6. 6. Chapter 4—Top Ten Most Useful Unix Commands assuming he is the same Tarvares as shown in Figure 4.2. Next we describe two important flags to the ls command. As you have seen from the examples of ls presented above, by executing the ls command we learn only about what files and directories are in the current working directory. We do not actually get any details about the files themselves, such as when they were cre- ated or how many bytes they are. To obtain detailed information about the files, the –l flag may be used. The –l (the letter l, not the number 1) stands for “long” form. A sample output for the command %ls -l is shown in Figure 4.4. Notice that a lot of information about a file is displayed. We explain all this information in detail in Chapter 11. For now, remember that column 1 pertains to file permissions, column 5 to file size in number of bytes, and columns 6–8 to the last modification date of the file. total 7060 drwx------ 2 tweed faculty 512 Aug 18 1998 SONGS -rw------- 1 tweed faculty 5204 Apr 28 1995 atrail.tex -rw------- 1 tweed faculty 4048 Jun 28 1996 comrades -rw------- 1 tweed faculty 1638 Aug 5 1994 ep15.tex -rw------- 1 tweed faculty 3292 Jul 19 1994 highs.tex -rw------- 1 tweed faculty 2557 Oct 29 13:43 iron.txt -rw------- 1 tweed faculty 299 Oct 1 13:08 labels.tex -rw------- 1 tweed faculty 312 Oct 1 13:10 labels2.tex -rw------- 1 tweed faculty 518 Feb 1 16:32 loop.aasu -rw------- 1 tweed faculty 3579380 Feb 24 18:46 bullalgs drwx------ 2 tweed faculty 1024 Dec 6 21:11 recs -rw------- 1 tweed faculty 1869 Jun 8 1998 rent.sav Figure 4.4—Sample Output from an ls –l Command To list all of the files and directories contained in a directory, you use the –a flag to the ls command. That is, %ls -a lists all files in the current working directory. Unix directories contain special hidden files. By using the –a flag to the ls command, you are able to view these files as well. We cover hidden files in Section 10.3. A sample output of the ls –a command is shown in Figure 4.5. Notice several hidden files are displayed, among others, ., .., .cshrc, .login, and .netscape. Every directory always contains the . and .. hidden files. These refer to the current working directory (the directory itself) and the directory’s parent directory.44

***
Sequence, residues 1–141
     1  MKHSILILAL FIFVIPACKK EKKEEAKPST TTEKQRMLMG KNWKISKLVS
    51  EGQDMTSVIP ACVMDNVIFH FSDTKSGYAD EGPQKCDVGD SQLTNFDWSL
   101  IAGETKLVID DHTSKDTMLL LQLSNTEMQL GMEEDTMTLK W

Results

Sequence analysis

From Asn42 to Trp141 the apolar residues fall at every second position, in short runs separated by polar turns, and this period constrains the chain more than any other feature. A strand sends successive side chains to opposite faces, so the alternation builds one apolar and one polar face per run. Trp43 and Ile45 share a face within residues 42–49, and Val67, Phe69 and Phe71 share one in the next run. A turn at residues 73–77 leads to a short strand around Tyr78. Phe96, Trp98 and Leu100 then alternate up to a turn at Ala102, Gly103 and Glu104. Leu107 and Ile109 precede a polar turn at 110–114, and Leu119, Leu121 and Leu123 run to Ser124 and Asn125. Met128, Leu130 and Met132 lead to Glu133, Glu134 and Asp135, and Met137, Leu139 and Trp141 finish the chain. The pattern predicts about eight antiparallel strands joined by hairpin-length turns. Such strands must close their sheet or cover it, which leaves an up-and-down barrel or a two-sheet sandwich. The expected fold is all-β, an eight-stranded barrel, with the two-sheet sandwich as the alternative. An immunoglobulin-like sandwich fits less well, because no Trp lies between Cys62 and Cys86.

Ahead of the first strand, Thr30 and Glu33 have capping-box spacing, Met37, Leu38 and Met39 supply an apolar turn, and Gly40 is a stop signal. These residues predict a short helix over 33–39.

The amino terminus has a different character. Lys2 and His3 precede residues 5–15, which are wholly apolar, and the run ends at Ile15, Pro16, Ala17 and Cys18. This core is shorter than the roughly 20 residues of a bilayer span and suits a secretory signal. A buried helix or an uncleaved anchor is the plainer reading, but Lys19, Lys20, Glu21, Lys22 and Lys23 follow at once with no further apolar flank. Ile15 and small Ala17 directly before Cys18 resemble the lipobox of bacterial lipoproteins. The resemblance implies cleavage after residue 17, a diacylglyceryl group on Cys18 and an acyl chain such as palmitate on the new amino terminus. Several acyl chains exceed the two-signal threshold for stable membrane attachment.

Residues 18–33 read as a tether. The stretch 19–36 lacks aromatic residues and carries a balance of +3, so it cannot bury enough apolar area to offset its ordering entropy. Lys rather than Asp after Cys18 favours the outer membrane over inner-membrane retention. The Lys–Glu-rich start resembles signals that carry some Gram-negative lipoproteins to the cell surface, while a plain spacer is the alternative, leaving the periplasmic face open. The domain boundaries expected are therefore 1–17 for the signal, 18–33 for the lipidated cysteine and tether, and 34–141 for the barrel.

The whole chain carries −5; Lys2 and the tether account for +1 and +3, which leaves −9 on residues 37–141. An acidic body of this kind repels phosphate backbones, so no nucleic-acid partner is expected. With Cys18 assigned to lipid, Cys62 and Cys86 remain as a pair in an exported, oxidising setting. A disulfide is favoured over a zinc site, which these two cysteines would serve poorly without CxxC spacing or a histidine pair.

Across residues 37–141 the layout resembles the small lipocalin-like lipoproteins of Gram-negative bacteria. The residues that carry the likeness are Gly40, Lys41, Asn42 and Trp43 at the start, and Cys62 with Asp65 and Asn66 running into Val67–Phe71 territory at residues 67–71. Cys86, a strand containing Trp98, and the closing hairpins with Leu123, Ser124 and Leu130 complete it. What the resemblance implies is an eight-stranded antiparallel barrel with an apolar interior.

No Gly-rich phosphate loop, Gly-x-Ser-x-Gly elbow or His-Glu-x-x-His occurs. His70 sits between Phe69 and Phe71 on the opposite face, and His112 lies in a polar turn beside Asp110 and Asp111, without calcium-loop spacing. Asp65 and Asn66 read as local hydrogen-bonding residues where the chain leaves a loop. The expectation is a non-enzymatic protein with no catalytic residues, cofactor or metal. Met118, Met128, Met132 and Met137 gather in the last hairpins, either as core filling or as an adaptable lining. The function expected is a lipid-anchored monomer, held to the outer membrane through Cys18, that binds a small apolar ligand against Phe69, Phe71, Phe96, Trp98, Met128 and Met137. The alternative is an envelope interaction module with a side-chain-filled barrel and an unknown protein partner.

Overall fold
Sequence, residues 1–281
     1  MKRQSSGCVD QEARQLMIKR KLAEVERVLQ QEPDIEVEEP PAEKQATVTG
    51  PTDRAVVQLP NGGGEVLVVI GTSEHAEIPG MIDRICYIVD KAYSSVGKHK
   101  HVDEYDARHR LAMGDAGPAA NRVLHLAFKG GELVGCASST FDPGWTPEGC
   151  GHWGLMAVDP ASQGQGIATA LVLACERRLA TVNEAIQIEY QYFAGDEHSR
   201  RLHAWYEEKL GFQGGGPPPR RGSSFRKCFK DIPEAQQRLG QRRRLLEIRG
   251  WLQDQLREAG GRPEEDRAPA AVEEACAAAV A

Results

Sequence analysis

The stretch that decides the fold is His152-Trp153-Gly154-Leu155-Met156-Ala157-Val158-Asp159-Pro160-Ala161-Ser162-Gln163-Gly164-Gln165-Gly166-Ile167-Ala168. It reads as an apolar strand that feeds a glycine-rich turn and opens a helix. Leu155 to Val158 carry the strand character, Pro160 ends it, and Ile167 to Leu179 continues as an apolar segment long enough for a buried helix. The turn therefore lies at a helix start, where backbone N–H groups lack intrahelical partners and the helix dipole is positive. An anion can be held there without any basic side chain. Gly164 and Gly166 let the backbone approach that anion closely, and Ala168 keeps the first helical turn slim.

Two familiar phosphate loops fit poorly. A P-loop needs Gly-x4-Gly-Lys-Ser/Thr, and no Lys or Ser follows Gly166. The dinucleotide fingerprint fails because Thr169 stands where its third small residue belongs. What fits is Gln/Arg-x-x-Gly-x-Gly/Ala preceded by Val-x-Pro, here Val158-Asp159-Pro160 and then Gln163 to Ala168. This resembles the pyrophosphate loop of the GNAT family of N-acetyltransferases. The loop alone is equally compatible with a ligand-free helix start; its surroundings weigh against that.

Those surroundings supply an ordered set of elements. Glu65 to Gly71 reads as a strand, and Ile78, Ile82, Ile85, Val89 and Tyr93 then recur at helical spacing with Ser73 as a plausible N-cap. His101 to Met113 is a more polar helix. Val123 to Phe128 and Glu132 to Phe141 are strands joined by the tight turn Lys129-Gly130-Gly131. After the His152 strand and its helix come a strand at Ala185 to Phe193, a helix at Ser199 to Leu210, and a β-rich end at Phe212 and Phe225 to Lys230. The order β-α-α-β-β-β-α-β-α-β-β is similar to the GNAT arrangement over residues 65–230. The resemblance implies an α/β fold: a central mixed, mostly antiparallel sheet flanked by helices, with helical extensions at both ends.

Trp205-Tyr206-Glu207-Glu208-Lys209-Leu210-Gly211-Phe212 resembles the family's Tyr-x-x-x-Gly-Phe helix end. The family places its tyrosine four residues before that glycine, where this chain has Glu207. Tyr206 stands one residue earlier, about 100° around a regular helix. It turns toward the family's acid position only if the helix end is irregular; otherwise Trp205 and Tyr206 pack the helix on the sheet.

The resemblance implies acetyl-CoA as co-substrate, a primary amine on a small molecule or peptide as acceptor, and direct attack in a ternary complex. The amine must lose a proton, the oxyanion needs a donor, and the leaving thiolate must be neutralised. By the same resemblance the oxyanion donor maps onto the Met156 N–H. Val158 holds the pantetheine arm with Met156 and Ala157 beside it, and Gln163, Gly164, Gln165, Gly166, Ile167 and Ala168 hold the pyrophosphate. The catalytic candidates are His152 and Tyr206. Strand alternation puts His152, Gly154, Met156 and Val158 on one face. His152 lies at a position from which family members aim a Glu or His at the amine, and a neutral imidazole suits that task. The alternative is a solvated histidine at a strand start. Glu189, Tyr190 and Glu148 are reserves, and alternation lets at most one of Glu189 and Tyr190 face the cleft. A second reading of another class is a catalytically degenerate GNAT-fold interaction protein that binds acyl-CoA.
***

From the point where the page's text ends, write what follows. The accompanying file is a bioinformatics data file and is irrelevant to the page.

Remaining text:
7. 7. 4.2—Listing Your Files—ls Command . africa .. albany .addressbook february .cshrc fish .history fritos .hotjava moneymatters .login monkey .logout zebra .netscape Figure 4.5—Sample Output from an ls –a Command You may combine the different options to Unix commands. For example, thecommand %ls -lalists all material contained in the current working directory in the long form. Thisproduces the same result as entering %ls -alThe order of the specified options does not matter; they are both applied. We will describe one final use of the ls command. There are times when youwant to copy a file from another directory to the current working directory. Youmay remember the pathname of the directory the file is stored in, but you maynot remember the name of the file itself. You can list the contents of this otherdirectory by specifying its name as an argument to the ls command. For example, suppose you are in the directory called /export/local/home/riddleand that you would like to copy a file from the directory /export/local/home/messner/climbs/publicto your directory but cannot remember the name of the file. The command %ls /export/local/home/messner/climbs/publicexecuted from your directory will provide you with a list of files in the otherdirectory. Once you locate the name of the file, you can proceed to copy it usingthe technique described in Section 4.8. You should execute the command line %man lsto learn more about the ls command. 45